The change in point of view is shocking only for the first few paragraphs, but after that you’re in the Queen’s head and there’s no escape—her opinions become yours. Occasionally, hints surface that the Queen isn’t a reliable narrator (like in the Quote where not mine suggests the Queen lies too), but as with all such unreliable storytelling, the onus is on the reader to disbelieve the weighty evidence of the written word. And it takes conscious effort.
If you haven’t read Gaiman’s story, I won’t ruin it for you, but do be warned: it’s elegantly-packaged heavy stuff (think R-rated), heavier even than the old-old Grimm version of Snow White which, I believe, had the mother, rather than the stepmother, as evil.
What is at the core of the Quote?
In a debate, opposing views to your own are likely to be presented. This may be a problem, as pointed out by Classical Rhetoric for the Modern Student: People who are favorably disposed to the opposite point of view will not readily open their minds to our arguments, however valid and cogent they may be. In the case of Snow White, the Princess’s story is so well-known, her goodness and innocence so entrenched, that for any other view to be heard (in the great agora of literature), hers must at least partially be refuted.
And the Queen knows a thing or two about persuasion.
Snow, Glass, Apples is essentially a story-long refutation of Snow White’s version, but I chose the Quote in particular, as it is a miniature refutation in itself:
- it summarises the statement that is being refuted (that I was given the heart, and that I ate it),
- it attacks the person who issued the statement (but it is her lie, and, that is what she has made of my life),
- it attempts a refutation by ethical appeal (not mine),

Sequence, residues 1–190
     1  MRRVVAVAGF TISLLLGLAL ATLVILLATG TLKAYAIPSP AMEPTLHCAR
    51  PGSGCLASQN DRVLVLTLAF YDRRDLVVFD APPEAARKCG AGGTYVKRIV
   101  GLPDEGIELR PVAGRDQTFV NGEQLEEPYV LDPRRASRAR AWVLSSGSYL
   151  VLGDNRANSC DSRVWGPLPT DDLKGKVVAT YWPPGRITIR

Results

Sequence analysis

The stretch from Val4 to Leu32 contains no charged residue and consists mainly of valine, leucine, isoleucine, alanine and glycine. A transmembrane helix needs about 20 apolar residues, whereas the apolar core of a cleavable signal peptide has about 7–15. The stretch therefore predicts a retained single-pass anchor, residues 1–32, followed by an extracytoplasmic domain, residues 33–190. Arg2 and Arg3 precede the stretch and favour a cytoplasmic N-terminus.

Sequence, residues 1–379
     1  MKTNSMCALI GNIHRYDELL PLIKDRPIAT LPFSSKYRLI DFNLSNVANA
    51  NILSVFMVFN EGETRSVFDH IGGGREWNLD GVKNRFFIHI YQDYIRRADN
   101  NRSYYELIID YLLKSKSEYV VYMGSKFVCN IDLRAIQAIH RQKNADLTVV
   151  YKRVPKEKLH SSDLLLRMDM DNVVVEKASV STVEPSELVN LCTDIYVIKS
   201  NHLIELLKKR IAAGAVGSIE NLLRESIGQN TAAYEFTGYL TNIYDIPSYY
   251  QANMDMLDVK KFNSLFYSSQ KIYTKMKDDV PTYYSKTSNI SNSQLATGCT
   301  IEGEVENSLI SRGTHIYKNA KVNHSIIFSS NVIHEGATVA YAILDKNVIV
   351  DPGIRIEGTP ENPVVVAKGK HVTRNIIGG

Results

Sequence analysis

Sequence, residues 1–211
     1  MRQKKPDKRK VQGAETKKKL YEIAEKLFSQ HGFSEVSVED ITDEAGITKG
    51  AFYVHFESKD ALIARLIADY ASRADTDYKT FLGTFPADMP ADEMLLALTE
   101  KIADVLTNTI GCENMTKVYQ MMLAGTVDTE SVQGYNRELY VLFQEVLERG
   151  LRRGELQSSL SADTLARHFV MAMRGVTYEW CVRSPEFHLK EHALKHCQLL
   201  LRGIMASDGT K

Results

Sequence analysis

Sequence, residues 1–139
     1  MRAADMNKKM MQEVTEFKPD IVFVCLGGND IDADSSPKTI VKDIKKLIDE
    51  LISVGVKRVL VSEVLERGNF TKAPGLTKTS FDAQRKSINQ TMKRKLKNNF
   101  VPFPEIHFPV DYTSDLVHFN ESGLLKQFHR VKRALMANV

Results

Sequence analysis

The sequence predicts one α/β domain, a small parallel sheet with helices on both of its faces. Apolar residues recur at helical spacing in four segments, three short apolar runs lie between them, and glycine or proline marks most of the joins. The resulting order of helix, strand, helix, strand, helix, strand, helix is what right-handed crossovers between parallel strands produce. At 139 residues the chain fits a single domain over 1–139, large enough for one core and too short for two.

- it attempts a refutation by emotional appeal, by using a poetic simile (fall like snow) and an extended metaphor (landscape unrecognisable after a snowfall) to invoke sentiment and feeling in the audience.
Perhaps the most surprising is the ethical appeal: by putting into the reader’s mind the possibility that she too occasionally lies, the Queen is seemingly working against herself. However, this is a subtle case of insinuatio, the part of her argument where she is insinuating herself into the good graces of the audience. By admitting that she lies, and by admitting the things she has lied about in the past (which she does in other parts of the story), she generates the impression of an honest liar: someone who lies to others, but not to the reader.
If you think the Queen from Snow, Glass, Apples is devious—even when she tells the story in her own words—wait till you hear about the Princess: she’s as cold as the snow is white. Oh, and she has a very prehensile mouth.
Which fun retellings of stories do you know?
P.S. If you think you’ve read this post before under the title Stories, Retold—you have. I had to repost it and rename it due to problems with the WordPress Reader. (See here for a longer explanation.)
- Snow, Glass, Apples in Smoke and Mirrors, Neil Gaiman.
- Classical Rhetoric for the Modern Student, Edward P. J. Corbett and Robert J. Connors.
- Snow White and Other Stories, the brothers Grimm. Free on archive.org.